Finding and using your voice is a key part of healing. If you are unable to express how you are feeling, you won’t be able to stand up for yourself and conquer those issues that lie ahead of you. 

Many people who undergo group therapy find that it’s a safe and respectful place to find their voice. Even if you normally struggle with stress and anxiety in social situations, you may eventually feel comfortable enough to share your thoughts without filtering them.

Improving Social Skills

Many mental health and situational issues are made more complex by social anxiety. If you need a safe space to expand upon your social skills, group therapy is the perfect solution. Because it is a safe space, you will have plenty of opportunities to engage and re-engage with the members of your group. Over time, this practice will enable you to do the same in the real world.

Helping You Grow

The purpose of all types of therapy is to learn and grow. Group therapy is no different. As you settle into this safe space, you will feel less alone, gain perspective on your problems, find your voice, improve your social skills, and discover a host of other benefits.  

Saving You Money

Additionally, you should keep in mind that group therapy is considered less expensive than other forms of individualized therapy. This means it is available to more people and doesn’t add financial strain to any other issues you may be dealing with. And don’t forget: it is not any less effective than one-on-one therapy!

Is Group Therapy the Same As a Support Group?

Group therapy meetings are often confused with support group meetings, but the two are not the same. In fact, they are vastly different in their goals, methods, and outcomes—even though you might find either or both to be effective in helping you deal with your issues.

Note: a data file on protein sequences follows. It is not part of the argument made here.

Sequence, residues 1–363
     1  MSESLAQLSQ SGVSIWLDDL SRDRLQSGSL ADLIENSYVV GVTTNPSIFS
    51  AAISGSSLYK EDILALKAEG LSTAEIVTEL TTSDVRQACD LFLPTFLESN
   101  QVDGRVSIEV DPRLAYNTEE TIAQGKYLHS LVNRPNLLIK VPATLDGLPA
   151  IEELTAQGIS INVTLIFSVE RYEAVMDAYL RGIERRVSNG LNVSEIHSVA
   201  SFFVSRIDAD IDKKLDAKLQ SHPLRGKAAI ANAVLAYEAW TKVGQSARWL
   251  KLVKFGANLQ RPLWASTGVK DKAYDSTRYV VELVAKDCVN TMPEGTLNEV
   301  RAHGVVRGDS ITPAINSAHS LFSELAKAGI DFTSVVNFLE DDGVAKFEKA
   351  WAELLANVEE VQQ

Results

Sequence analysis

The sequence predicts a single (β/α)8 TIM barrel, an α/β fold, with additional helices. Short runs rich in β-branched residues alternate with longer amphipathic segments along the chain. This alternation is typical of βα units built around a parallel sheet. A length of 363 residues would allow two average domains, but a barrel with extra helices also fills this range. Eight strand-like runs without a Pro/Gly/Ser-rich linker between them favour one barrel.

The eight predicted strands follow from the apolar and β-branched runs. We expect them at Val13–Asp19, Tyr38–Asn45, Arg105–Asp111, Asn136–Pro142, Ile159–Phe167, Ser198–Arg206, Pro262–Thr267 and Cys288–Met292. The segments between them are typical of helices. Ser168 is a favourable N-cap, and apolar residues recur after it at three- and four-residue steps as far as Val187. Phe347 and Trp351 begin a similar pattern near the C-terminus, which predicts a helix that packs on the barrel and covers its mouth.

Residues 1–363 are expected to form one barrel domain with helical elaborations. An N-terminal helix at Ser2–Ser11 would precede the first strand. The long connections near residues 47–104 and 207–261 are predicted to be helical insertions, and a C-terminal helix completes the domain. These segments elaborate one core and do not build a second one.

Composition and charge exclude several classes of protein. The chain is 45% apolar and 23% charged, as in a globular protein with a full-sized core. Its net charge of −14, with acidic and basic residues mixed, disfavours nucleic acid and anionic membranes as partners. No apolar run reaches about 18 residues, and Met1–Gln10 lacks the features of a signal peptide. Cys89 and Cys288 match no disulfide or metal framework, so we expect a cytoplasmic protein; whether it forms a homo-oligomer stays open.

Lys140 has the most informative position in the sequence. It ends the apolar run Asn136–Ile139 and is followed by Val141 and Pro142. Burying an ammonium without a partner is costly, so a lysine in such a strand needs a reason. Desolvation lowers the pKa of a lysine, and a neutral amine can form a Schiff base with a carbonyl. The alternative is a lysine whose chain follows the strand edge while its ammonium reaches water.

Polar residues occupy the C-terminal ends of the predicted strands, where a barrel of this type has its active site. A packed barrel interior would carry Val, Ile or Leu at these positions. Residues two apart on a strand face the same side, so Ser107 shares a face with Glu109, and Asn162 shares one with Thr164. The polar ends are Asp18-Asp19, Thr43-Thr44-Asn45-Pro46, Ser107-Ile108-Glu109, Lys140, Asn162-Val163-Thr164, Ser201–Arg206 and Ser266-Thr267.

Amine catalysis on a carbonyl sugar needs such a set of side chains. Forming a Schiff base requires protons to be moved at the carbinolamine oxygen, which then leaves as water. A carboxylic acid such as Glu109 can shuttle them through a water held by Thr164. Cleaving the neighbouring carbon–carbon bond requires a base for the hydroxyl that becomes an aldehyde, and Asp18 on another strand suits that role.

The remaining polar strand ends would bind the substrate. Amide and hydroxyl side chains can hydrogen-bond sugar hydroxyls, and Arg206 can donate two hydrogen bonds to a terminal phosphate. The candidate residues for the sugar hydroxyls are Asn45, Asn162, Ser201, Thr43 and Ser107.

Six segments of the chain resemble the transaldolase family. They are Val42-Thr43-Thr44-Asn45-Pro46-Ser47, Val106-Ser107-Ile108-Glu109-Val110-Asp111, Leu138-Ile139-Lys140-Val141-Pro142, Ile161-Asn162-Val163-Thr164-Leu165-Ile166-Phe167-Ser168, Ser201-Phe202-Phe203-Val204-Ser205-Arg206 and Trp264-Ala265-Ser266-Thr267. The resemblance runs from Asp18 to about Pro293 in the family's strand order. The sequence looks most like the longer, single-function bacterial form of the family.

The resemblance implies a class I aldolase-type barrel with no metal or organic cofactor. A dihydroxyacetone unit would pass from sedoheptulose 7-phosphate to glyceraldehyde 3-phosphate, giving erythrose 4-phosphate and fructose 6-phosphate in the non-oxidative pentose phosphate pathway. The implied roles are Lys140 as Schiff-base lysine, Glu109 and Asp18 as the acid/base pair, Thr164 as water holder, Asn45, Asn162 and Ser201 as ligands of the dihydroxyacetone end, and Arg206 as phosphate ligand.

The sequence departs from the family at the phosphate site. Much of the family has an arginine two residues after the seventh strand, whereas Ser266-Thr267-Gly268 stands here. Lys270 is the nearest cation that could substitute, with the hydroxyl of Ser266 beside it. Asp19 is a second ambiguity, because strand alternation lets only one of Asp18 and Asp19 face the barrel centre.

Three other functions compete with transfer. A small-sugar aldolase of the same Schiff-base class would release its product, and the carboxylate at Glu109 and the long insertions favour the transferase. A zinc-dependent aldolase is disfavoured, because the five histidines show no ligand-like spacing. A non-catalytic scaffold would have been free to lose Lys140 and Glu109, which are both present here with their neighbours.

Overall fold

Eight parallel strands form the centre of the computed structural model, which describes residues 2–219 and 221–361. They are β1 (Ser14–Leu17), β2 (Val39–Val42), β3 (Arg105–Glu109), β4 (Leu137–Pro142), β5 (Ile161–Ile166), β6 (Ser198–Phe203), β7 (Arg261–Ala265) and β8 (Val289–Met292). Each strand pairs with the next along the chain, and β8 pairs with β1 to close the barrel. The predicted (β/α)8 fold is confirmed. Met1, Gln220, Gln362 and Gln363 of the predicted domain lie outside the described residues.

With group therapy, the ultimate goal is growth, change, and healing. Most people who enter group therapy do so with the hope that it will ultimately put an end to their relationship struggles, anxiety, or depression. To enter group therapy, you must first be interviewed by a counselor who determines whether you are a good fit for the group and vice versa. 

With support groups, the ultimate goal is to find a way to cope with something that cannot be changed. It may be the death of a loved one, a cancer diagnosis, or some other unalterable fact. Generally speaking, anyone can enter a support group.

How Do You Know If Group Therapy Is Right for You?

While group therapy is generally considered an effective treatment for a variety of disorders, it’s not a good fit for everyone. If you struggle with severe social anxiety or have a public speaking phobia, you may not find group therapy helpful until those issues have been treated via individual therapy.

However, if you think you might benefit from getting to know and hear from other people with similar struggles, group therapy could be the perfect solution. 

At Neal Psychological Specialties, we understand that group therapy is not right for everyone. That’s why we offer free 15-minute meet and greets—so that we can get to know you better and make more accurate recommendations for your treatment. If you’re ready to learn more about group therapy and how it might work for you, give us a call at (815) 477-4727.